Sunday, March 29, 2009

Good News for Ottawa

􀂾 Universities and Colleges are under expansion:
• Carleton U. ($110M): School of Journalism, new residence,
new lab.
• U of Ottawa ($90M): New Tower
• Cité Collégiale ($18M): New Building

􀂾 Ottawa Transit project to start ($7B)

􀂾 Parliament Hill renovation ($1B)

􀂾 CSEC Cryptology facility ($62M)

􀂾 Congress Centre (160M)

􀂾 Bayshore’s facelift (130M)

􀂾 Ottawa Community Housing Corp (OCH) to invest $346.8M to
repair social housing stock

􀂾 Manpower’s 2009Q2 report on Net Employment Outlook ranks
Ottawa’s positive job creation prospects as 4th in Ontario and
12th in Canada

􀂾 Athletic Club fitness chain to build 5 new facilities, starting
with a $10M facility in Orleans, citing Ottawa’s favourable
economy compared to other Ontario cities

Good Reasons to Remain Optimistic

􀀹 Canada’s financial system rated the STRONGEST IN THE WORLD

􀀹 IMF study states that Canada’s housing market is NOT OVERVALUED

􀀹 Low risk of mortgage meltdown due to MORE PRUDENT PRACTICES in
mortgage lending and insurance, STRONGER BANKING REGULATIONS

􀀹 Share of Canadian SUB-PRIME MORTGAGES LESS THAN 5% vs. 35-40% in
the US at the peak

􀀹 MORTGAGE ARREARS as of Dec 2008: CANADA􀃆 0.33%,
ONTARIO􀃆 0.36%

􀀹 Canadian Homeowners have built more EQUITY.

Tuesday, March 24, 2009

Buying investment real estate

Buying a property for investment is very different then buying a home to live in. When buying a home to live in, there are many emotional factors that influence your decision making. You decide on the property while look at how the space feels, the location and lot size, colours, etc.

When buying an investment property you have a different outlook, your focus is on numbers, exit strategy, then the property itself. The actual house is a widget that gets you to an ultimate goal of increased networth.

The fascinating part of real estate investment is that the many potential investors seem to overlook the numbers. The base evaluation of point of a real estate investment (and the starting point) are the numbers. As a starting investor, it is not a stupid question to ask 'what numbers?'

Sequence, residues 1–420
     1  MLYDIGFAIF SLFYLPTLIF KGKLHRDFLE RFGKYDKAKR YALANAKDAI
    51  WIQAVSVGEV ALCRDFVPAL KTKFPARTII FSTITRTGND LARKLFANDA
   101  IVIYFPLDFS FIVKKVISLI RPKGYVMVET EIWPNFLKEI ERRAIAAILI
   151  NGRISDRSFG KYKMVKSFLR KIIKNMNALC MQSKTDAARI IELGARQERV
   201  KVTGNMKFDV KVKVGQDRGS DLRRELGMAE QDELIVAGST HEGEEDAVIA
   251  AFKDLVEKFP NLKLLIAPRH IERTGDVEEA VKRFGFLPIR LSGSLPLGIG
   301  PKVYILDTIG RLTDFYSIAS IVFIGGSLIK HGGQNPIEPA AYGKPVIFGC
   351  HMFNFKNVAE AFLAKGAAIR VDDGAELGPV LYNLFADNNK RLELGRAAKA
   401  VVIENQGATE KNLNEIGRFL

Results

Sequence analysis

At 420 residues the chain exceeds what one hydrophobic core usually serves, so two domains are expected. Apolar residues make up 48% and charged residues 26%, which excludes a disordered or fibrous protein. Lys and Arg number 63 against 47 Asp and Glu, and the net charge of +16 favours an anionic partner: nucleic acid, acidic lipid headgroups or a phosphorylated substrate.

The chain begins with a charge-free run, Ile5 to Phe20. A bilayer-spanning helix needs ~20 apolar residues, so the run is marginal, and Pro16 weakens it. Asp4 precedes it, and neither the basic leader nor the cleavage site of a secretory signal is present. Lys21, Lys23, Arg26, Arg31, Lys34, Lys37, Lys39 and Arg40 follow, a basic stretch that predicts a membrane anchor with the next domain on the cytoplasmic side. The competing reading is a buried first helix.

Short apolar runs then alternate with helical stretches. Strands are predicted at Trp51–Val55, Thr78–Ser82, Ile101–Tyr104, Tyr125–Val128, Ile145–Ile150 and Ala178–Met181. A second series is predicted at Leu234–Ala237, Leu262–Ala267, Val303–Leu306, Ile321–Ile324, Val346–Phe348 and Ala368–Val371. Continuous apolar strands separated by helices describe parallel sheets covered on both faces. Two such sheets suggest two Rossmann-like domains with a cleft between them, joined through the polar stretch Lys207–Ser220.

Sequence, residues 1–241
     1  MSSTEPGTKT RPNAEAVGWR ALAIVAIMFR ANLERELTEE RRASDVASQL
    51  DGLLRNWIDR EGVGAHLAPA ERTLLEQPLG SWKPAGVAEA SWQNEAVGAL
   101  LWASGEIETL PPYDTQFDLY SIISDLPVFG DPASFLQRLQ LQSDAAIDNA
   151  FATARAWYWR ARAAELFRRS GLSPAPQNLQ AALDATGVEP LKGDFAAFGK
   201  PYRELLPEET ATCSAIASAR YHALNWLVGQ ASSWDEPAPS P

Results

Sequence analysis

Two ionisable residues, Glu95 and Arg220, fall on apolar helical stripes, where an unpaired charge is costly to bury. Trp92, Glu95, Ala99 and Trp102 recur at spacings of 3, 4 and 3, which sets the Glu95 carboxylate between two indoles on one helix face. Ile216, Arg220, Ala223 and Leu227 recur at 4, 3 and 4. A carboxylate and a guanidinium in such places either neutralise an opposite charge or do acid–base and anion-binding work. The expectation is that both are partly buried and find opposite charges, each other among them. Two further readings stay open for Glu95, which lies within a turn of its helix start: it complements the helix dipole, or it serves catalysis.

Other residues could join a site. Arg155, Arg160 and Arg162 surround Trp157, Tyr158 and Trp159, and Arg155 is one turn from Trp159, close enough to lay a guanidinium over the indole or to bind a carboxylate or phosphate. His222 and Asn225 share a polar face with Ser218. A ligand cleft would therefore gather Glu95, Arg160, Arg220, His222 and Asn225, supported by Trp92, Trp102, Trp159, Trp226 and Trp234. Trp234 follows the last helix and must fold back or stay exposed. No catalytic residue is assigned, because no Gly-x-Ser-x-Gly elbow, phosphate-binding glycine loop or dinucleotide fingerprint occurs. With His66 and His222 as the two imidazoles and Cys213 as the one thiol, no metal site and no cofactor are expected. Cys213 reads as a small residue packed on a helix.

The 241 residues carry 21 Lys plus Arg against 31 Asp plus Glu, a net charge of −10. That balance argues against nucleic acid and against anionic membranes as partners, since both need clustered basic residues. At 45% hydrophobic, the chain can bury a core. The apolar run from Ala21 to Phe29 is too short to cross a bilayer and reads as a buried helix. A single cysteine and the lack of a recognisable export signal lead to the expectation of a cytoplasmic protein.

You have to look at monthly carries including mortgages, condo fees, city taxes, insurance and potentially management. On top of these expenses, you do have to factor in vacancy and maintenance. It is important to put forth a complete picture of the expenses on the property.

Once you have a grasp on the monthly expenses, you need to figure out the monthly income. This can be accomplished by looking at the current leases and comparibles rents in the neighbourhood. I would also suggest looking at,, or - these sites are excellent resources to see what properties are renting for.

Remember that tenants have rights and you cannot randomly raise rents, even if an existing tenant is renting at a reduced rate compared to the neighbourhood comparibles. This year, the rental increase is 1.9%, and you have to give 90 days notice to your tenant.

The formula from here is pretty simple - income minus expenses = positive number. If it is not a positive number, your deal is losing money. Now in real estate investment remember the timeframe of income minus expenses could be monthly or over a period of years (based upon an equity growth property).

If the numbers do not make sense, the investment is a no go and you should walk away at this point. It is not worth going any further if there is no upside in the numbers to make them positive. That great triplex in the Glebe that costs $650,000 and produces $21k in NOI is not on the list!

Why is the exit strategy important? If you cannot answer this, you should not invest in real estate. Exit strategy is how you liquidate the property when you are no longer interested in owning the property. You should always plan your exit before you buy the property.

Part of the equity growth strategy is being in the right neighbourhood, which will add value to your property. When buying a property for cash flow you sometimes are going to different, possibly less desirable neighbourhoods. It is necessary to buy smart.